Paris moved against international consensus to prop up a warlord and destabilise the UN-backed government in Tripoli. Here's a list of the major French interventions in the Libyan conflict.
France has steered away from the unified NATO position with regards to the Libyan conflict, not only tacitly supporting Khalifa Haftar, but also by attempting to legitimise him in the eyes of the international community. All this despite the warlord waging a full-blown war against the UN-recognised Government of National Accord (GNA).
Turkey's Foreign Minister, Mevlut Cavusoglu, slammed the Macron administration on Tuesday for working against the interests of NATO.
"Nato sees Russia as a threat but a NATO ally France makes effort to increase Russia’s presence in Libya," he said.
Cavusoglu's verbal snub comes a day after the French President accused Ankara of playing a "criminal role" in the conflict. Despite mounting evidence showing France lending support to Haftar, Macron washed his hands of the evident dissension, saying that his country did not support the Libyan warlord, a widely reported phenomenon which he described as "the world's misunderstanding".
In light of the denial, we compiled a list of French interventions in the Libyan conflict that portray how deeply the Macron administration has become involved in arming and managing Haftar.
France has often feigned ignorance on the subject of providing arms and money. But reports on the country’s active involvement in the conflict came from 2015 onwards, the time Haftar emerged as a troublemaker
France was quick to assist Haftar and his allies by sending advisers, secret agents and special forces to eastern Libya, while offering little to no support to the GNA.
Knowing that he was hellbent on reversing whatever little peace and stability the UN-backed government had tried to secure in Libya, France still trained Haftar’s militias, leading many to question whether it was an honest broker seeking to end hostilities.
In February, Haftar officially told a French newspaper that France supported him “morally and from a security point of view.”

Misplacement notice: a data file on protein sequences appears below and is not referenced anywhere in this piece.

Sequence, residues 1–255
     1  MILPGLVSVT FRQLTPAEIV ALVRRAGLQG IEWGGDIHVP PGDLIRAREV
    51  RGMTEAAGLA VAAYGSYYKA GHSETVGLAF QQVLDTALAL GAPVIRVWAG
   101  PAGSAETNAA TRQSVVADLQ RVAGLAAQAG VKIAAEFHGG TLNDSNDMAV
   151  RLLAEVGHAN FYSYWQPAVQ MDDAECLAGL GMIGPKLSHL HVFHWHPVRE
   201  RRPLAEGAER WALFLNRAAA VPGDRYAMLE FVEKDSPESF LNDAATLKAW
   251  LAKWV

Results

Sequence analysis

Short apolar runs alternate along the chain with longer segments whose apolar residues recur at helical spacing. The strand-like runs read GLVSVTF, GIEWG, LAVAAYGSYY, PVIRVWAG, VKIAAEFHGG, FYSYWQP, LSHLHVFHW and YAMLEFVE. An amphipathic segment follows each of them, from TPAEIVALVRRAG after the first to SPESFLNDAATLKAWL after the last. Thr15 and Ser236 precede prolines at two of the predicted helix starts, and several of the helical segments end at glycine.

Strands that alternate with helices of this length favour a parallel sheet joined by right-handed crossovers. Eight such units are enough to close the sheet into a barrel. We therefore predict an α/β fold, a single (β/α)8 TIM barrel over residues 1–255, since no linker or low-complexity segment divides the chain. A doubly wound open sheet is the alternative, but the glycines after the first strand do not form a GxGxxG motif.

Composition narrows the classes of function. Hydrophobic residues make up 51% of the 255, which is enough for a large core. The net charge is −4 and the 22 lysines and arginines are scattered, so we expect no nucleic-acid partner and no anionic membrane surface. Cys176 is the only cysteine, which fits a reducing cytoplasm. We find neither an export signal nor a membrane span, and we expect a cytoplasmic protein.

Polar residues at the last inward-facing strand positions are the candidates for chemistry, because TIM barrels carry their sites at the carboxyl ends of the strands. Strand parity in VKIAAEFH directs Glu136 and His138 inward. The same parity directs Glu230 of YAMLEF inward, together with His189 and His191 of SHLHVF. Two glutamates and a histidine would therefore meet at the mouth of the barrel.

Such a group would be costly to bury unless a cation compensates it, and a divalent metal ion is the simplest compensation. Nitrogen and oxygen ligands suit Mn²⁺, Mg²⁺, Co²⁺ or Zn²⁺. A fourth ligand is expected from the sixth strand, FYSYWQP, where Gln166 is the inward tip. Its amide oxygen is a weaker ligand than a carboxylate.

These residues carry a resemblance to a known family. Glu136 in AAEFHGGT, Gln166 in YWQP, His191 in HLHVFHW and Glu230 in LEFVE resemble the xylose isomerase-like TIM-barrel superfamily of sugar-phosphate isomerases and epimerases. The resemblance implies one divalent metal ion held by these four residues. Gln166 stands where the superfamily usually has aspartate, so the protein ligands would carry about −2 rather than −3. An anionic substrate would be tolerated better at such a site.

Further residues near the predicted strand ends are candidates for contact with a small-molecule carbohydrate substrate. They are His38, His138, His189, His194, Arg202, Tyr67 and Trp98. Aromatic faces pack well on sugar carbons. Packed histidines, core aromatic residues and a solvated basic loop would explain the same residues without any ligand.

Paris's persistent denial of its support of the warlord became harder to digest when three undercover French soldiers died in a helicopter crash in Benghazi the same year.
Jean-Yves Le Drian, France's foreign minister in 2017, reportedly convinced President Macron that Libya was a "low-hanging fruit" and that Haftar was the man to bet on. Le Drian is known to be the architect of France’s Libya policy.
When Egyptian forces began air strikes in Libya after Daesh fighters killed 21 Egyptian Coptic Christians, the strikes were not limited to the terrorist group, but targeted militias that fought against Haftar and supported the UN-backed GNA. Le Drian, at that time, publicly expressed support for the strikes.
In contradiction to the UN's position on the Libyan conflict, which was to assist the UN-backed Sarraj government and involve other rival forces for a peaceful transition of power, French Foreign Minister Le Drian publicly never hesitated to express support for the Egyptian air strikes against the GNA.
Many regional experts say France's policy towards the tiny North African country is largely driven by its economic interests rather than spreading democracy. For Macron, therefore, shaping a warlord into a strongman who can deliver on the promise of supplying oil to France, is an advantageous option for the administration.